Portrait of a Leader
Maori Party co-leader Pita Sharples features in a photographic exhibition featuring portraits of Tangata whenua, including Sharples. Sharples was stunningly captured on film by British photographer Jimmy Nelson, who was touring the world recording images of the lives and traditions of indigenous tribes before they are lost to the world due to modernising globalisation.
Nelson didn’t even realise he was photographing the Minister of Maori Affairs when the artist set up a temporary studio at the Te Matatini national kapa haka festival in Gisborne in 2011.
He chose the Sharples portrait above hundreds of other candidates because of its power and imagery. The minister, who can take a lot of credit for the national revival of kapa haka tradition, was pictured in full tribal regalia, including temporary ta moko.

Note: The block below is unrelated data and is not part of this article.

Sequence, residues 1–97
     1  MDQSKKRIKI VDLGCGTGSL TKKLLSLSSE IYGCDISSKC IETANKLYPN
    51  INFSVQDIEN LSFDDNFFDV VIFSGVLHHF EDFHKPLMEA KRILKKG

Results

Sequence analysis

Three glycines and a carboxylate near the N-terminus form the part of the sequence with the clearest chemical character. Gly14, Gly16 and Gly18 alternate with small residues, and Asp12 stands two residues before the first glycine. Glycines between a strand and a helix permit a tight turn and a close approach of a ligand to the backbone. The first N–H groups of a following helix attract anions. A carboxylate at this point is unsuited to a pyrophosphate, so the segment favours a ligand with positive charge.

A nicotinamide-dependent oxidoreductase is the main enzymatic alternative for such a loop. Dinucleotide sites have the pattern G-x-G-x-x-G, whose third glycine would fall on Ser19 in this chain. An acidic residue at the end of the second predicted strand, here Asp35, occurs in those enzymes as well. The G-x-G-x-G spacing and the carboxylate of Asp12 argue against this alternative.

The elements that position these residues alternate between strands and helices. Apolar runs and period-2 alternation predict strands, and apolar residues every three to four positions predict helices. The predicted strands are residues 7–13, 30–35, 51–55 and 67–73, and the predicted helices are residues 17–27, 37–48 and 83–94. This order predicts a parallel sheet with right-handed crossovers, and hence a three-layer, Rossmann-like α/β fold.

The exhibition predominantly covers developing nations, in which many tribespeople still live the traditional ways established over millennia. Nelson calls them the last untouched people.
He chose to include Maori because they were an example of a people who survived colonisation and development. ”Maori are really starting to get a grip on their history and identity but they’re bringing that in a balanced way into the contemporary world,” Nelson said.